The origins of the Burnlie name lie with England's ancient Anglo-Saxon
culture. It comes from when the family lived in Lancashire
, where they derived their name from the town of Burnley, in the parish of Whalley. The name is generally believed to be derived from "Brun Lea" meaning "meadow by the River Brun." CITATION[CLOSE]
Mills, A.D., Dictionary of English Place-Names. Oxford: Oxford University Press, 1991. Print. (ISBN 0-19-869156-4)
Early Origins of the Burnlie family
The surname Burnlie was first found in Lancashire
, where Burnley dates back to 1122, when a charter granted the church of Burnley to the monks of Pontefract Abbey. The Market Cross, erected in 1295 survives today at Burnley College.
Early History of the Burnlie family
This web page shows only a small excerpt of our Burnlie research.Another 350 words (25 lines of text) covering the years 1379, 1500, 1662, 1691 and 1732 are included under the topic Early Burnlie History in all our PDF Extended History products and printed products wherever possible.
Burnlie Spelling Variations
Before the last few hundred
years, the English language had no fast system of spelling rules. For that reason, spelling variations
are commonly found in early Anglo-Saxon
surnames. Over the years, many variations of the name Burnlie were recorded, including Burnley, Brunlay, Burnlie, Burnly, Bernley and others.
Early Notables of the Burnlie family (pre 1700)
More information is included under the topic Early Burnlie Notables in all our PDF Extended History products
and printed products wherever possible.
Migration of the Burnlie family to Ireland
Some of the Burnlie family moved to Ireland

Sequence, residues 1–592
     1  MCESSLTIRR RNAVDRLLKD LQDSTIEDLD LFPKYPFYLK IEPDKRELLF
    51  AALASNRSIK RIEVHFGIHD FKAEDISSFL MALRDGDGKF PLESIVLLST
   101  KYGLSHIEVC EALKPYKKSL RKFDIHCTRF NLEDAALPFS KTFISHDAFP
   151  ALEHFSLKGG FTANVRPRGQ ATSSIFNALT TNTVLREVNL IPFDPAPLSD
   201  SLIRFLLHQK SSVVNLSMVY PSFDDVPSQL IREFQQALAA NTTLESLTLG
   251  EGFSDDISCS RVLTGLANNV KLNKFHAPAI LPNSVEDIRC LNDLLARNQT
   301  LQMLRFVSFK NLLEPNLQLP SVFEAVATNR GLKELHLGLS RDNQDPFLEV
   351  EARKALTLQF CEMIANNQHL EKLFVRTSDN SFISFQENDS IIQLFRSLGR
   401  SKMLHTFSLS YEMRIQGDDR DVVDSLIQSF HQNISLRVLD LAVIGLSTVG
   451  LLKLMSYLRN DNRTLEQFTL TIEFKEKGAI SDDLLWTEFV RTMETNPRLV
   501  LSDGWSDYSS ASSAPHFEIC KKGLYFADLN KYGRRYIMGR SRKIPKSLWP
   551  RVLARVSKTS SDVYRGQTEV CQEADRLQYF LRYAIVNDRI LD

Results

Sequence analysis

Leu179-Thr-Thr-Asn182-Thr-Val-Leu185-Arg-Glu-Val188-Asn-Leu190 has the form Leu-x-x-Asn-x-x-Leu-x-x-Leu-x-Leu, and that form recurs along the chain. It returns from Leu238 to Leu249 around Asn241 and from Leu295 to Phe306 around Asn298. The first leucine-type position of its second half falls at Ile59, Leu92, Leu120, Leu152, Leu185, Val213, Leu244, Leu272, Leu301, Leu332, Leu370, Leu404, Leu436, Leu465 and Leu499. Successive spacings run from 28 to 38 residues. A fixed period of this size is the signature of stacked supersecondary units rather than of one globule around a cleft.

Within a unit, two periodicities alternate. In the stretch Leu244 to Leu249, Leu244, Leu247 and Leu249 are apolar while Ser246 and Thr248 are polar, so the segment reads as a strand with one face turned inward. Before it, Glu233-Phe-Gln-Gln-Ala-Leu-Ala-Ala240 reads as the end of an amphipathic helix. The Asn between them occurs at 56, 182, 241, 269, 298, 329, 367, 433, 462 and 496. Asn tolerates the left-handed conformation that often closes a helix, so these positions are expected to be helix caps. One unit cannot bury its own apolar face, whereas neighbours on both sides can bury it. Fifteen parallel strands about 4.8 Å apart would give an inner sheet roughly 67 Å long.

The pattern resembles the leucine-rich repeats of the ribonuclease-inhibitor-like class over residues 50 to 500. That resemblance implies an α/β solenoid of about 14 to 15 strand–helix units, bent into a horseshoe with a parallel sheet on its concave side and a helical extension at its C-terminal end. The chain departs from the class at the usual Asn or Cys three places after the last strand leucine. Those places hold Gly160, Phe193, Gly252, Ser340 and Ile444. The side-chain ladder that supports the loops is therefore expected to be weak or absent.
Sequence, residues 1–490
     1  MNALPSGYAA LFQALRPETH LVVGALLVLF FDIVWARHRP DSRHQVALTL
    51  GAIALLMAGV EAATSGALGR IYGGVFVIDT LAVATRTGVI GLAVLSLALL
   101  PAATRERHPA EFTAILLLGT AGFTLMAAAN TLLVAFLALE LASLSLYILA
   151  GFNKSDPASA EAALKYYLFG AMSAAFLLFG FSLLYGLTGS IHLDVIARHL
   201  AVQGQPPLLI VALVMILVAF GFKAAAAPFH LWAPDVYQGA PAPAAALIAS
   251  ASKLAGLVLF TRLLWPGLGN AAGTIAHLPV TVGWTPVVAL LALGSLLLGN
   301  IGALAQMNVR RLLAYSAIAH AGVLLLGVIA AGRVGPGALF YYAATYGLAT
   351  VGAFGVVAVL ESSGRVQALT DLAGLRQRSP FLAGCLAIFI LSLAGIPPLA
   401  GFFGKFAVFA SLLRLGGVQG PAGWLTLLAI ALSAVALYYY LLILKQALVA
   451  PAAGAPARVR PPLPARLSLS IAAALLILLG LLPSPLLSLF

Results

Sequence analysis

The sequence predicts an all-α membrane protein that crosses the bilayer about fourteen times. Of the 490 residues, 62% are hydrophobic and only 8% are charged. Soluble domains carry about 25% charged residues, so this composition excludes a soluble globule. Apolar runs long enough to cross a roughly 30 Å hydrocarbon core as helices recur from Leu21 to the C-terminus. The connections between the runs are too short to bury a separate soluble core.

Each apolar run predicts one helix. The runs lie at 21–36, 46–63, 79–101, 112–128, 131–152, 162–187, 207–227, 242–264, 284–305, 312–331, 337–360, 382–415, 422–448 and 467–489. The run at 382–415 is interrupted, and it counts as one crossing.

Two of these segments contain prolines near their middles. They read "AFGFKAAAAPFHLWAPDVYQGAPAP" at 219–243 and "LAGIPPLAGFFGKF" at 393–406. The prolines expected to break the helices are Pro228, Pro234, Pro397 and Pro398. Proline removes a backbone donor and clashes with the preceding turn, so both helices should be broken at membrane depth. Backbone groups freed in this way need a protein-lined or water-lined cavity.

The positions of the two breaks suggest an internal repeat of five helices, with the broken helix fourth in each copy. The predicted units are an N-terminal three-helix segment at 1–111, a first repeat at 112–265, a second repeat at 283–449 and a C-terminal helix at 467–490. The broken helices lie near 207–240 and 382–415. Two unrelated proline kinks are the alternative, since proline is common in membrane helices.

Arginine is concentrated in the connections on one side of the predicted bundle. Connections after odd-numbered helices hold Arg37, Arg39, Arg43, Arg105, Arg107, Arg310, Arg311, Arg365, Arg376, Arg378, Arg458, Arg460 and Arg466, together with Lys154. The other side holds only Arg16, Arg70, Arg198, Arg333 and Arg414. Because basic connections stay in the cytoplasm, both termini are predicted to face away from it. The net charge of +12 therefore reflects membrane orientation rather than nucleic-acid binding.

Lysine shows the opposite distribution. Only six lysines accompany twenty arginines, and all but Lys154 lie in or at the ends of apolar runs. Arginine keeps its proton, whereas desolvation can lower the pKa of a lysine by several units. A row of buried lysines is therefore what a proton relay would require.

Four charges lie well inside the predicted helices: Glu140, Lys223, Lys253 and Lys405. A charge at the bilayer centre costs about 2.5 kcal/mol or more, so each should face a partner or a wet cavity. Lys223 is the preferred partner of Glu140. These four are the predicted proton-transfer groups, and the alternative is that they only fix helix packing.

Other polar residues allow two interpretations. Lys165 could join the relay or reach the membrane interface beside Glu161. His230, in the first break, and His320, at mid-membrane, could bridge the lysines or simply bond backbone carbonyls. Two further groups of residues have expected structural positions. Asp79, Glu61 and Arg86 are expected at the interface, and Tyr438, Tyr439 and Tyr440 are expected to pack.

, but this topic is not covered in this excerpt.Another 45 words (3 lines of text) about their life in Ireland is included in all our PDF Extended History products and printed products wherever possible.
Migration of the Burnlie family to the New World and Oceana
To escape oppression and starvation at that time, many English families left for the "open frontiers" of the New World with all its perceived opportunities. In droves people migrated to the many British colonies, those in North America in particular, paying high rates for passages in cramped, unsafe ships. Although many of the settlers did not make the long passage alive, those who did see the shores of North America perceived great opportunities before them. Many of the families that came from England
went on to make essential contributions to the emerging nations of Canada and the United States. Research into various historical records revealed some of first members of the Burnlie family emigrate to North America: Peter Burnley who arrived in Maryland in 1685 and John Burnley who arrived in Philadelphia in 1846.
The Burnlie Motto
The motto was originally a war cry or slogan. Mottoes first began to be shown with arms in the 14th and 15th centuries, but were not in general use until the 17th century. Thus the oldest coats of arms generally do not include a motto. Mottoes seldom form part of the grant of arms: Under most heraldic authorities, a motto is an optional component of the coat of arms, and can be added to or changed at will; many families have chosen not to display a motto.
Motto: Pretiumque et causa laboria
Motto Translation: The reward and cause of labour.